We all enjoy music, and probably have come across the fierce debate about the role of copyright and piracy. What is it all about? Are musicians in financial distress because their work is being stolen? Do we have access to less quantity and quality of music as a result? Can two economists say anything useful on the subject?
The modern saga of piracy began 15 years ago, when a number of music companies sued an online music distributor—Napster. People would “rip” music off their CDs, then put it online through the Napster service, where it could be freely downloaded by anybody. Fifteen years ago we wrote:
Basically, the music industry argues that giving away copyrighted music for free violates its “intellectual property,” and indeed, compares the downloading of copyrighted music to “piracy” or “theft.” Permitting such “theft,” music producers argue, is socially very damaging. No one would have an incentive to produce music were Napster and similar organizations allowed to operate. This argument has two parts: the first says that downloading music is theft, and the second says that if downloading is permitted the incentive to produce good music would disappear and we would all be living in a grey and sad world, instead of joying at the lyrics of the Iglesias family.
We went on to argue that the music industry has little chance—whatever its success in court—in stopping piracy and that, anyway, it does not matter because there is no need for copyright in music—the world of music without copyright is not a sad cold place without great music. As we said:
… it does not require a Ph.D. in economics to see that downloading music, copyrighted or not, is quite different from theft in the ordinary sense of the word. Theft, as we ordinarily mean it, amounts to depriving the owner of the use of the object of his property or, at least, greatly reducing his access to it. If you steal my MP3 player, I can no longer use it. Whether you use it, resell it, or just throw it away, it is theft. In this sense “intellectual property” is quite different than property of material objects. Indeed, the argument is not over the right of the music industry to sell its product, nobody is stealing CDs via Napster, but rather over their ability to regulate the future use of their products by those who purchase them. As far as we know, no one has accused people who make available music from their CDs on the Internet of having stolen the CDs. Rather the question is, having purchased the CDs, the music industry would like to prevent us from further distributing the music. But is there a valid economic rationale for this? If I purchase a car, I can resell it in direct competition with the manufacturer of the car. In fact, also if I purchase a CD I can resell it. I can also let other people listen to it in my home or backyard, or take it to the office and make it available to my colleagues, or play it during a gigantic party. The limit, apparently, is reached when I start making copies of it, either virtual or not. Strangely enough I can make copies of my Armani’s suit, as long as I do not put an Armani label on it, but I cannot do the same with my CDs … the correct solution to the problem of “intellectual property” is not to protect it, but rather to force competition in the reproduction, distribution and circulation of music (and literature, movies and other artistic products that can make people’s life better and be easily reproduced) by requiring that any purchaser of “intellectual property” have complete freedom to use it as she sees fit. If I buy music I should be free to listen to it, record it, sell it or give it away. (I shouldn’t be allowed to claim that I created it, which is fraud.)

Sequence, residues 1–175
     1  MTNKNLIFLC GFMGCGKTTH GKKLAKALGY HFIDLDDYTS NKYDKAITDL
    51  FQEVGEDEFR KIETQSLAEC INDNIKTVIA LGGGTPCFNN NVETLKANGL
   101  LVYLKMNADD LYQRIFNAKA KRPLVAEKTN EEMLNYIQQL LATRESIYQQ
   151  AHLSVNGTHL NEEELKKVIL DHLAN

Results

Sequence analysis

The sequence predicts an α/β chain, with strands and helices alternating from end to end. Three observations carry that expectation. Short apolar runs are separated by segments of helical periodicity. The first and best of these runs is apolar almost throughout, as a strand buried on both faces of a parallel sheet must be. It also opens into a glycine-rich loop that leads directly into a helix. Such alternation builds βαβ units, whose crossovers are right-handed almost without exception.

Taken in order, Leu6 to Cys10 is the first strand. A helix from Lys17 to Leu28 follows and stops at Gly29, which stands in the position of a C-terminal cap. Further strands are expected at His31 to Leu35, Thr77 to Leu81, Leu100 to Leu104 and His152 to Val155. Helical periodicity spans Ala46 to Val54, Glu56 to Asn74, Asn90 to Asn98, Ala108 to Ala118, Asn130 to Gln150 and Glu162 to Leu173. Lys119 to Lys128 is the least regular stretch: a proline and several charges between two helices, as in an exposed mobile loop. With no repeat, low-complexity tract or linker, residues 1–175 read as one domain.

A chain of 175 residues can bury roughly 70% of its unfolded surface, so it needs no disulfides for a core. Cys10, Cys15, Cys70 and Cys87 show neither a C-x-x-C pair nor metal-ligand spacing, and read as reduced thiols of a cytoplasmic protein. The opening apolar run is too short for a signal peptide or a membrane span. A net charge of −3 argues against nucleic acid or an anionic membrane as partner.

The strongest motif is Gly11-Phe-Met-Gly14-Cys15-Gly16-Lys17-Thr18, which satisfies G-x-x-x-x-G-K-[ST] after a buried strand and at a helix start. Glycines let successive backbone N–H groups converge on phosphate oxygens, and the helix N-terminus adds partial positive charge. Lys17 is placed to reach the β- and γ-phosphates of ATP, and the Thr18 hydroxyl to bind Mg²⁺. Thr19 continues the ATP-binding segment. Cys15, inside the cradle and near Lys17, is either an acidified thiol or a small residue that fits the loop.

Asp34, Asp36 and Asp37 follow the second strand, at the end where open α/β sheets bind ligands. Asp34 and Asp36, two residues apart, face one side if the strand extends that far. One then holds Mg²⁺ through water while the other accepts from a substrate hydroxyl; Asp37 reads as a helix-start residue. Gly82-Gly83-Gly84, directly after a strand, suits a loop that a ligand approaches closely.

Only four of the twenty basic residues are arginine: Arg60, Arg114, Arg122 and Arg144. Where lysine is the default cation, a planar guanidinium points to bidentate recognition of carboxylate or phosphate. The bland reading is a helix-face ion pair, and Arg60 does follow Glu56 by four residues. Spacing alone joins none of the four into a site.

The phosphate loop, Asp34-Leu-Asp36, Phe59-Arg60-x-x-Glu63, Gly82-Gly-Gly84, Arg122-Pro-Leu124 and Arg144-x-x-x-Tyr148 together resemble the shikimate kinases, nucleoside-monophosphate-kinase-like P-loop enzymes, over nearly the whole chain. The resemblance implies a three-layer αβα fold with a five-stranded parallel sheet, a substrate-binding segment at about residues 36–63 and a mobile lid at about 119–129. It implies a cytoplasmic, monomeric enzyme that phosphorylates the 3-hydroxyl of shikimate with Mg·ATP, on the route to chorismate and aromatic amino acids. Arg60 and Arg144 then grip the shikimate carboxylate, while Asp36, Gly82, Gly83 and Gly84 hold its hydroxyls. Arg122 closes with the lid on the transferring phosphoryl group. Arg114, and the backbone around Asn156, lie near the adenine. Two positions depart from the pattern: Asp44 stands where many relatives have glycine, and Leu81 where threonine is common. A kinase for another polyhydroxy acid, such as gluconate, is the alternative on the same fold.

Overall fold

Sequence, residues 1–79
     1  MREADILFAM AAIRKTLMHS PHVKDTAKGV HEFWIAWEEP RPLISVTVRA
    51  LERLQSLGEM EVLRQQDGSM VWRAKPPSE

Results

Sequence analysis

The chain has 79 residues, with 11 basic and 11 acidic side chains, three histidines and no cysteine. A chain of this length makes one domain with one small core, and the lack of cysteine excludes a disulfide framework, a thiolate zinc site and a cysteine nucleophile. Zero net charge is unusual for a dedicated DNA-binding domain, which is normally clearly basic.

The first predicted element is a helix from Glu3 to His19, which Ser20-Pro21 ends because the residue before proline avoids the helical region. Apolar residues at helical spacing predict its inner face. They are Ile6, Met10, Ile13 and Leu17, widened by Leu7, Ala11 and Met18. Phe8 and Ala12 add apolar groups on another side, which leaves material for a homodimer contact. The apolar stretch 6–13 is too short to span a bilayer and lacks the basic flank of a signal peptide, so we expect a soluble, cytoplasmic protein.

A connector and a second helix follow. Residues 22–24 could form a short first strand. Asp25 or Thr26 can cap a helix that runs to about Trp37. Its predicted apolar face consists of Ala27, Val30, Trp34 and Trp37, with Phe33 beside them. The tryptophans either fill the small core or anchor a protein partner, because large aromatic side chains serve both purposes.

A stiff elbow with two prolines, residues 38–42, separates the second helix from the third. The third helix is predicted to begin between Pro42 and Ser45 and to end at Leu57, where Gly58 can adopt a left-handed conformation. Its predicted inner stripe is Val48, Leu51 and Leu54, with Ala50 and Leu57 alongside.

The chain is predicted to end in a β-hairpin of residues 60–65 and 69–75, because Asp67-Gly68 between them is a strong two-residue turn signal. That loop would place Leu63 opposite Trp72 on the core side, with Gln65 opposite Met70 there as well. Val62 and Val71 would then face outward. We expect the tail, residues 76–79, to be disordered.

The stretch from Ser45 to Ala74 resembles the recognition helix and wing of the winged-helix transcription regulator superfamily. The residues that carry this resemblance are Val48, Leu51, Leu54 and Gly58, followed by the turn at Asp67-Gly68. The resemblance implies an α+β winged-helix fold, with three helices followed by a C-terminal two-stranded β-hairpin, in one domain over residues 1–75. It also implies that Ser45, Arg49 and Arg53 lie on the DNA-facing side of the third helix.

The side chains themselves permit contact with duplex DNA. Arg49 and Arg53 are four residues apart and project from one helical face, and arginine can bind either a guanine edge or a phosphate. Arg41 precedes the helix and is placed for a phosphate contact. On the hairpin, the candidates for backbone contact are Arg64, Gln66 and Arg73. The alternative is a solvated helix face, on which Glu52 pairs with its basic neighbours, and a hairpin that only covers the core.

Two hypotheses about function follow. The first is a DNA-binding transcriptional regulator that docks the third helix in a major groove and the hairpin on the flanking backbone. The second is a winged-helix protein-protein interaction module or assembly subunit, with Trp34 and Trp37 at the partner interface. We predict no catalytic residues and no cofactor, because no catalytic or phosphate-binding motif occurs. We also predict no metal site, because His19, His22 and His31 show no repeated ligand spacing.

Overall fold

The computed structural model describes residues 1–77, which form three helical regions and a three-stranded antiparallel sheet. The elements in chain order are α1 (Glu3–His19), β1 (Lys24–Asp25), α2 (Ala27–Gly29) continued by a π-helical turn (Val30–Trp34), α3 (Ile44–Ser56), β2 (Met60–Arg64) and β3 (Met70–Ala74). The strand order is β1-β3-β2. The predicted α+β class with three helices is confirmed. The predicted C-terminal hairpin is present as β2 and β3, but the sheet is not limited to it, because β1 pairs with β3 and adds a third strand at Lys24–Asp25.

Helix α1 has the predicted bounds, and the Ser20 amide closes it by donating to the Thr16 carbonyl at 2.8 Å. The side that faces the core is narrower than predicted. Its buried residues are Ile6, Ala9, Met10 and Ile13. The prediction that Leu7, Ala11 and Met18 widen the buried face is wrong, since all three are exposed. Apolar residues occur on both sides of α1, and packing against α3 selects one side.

Now after 15 years, we can ask: “Who was right?” Certainly the music industry has had great success in court, both against redistribution networks and even individual downloaders. Yet as we predicted 15 years ago piracy is even more rampant today than it was then. As a result we have, in fact, not had copyright for 15 years and so we can look to see if the music producers are right in predicting that we have been without great new music for at least a decade now. Fortunately it seems that they were wrong and we were right: Eminem, Rihanna, Taylor Swift, Katy Perry, Lady Gaga, the Black Eyed Peas and Beyonce—all of whom collectively have sold at least 75 million recordings since 1999—will all be surprised to learn that they were unable to pursue their career in music on account of piracy. Apple will be surprised to learn that the iPod was a huge failure on account of the lack of new music production since 1999. However much one of us might prefer ’60s rock and the other classical Italian opera to the modern stuff, it seems that modern consumers of music are getting what they want.
They say that those that do not remember history are doomed to repeat it. The fact that we were right and the music industry wrong will not be a surprise to those who remember history. Let us roll the clock back to the 18th Century when a wave of brilliant classical musicians produced beautiful music that (some of us at least) listen to and buy even today. The economist F. M. Scherer studied the impact of the introduction of copyright on the creation of classical music in that century and the next, and here is what he has to say: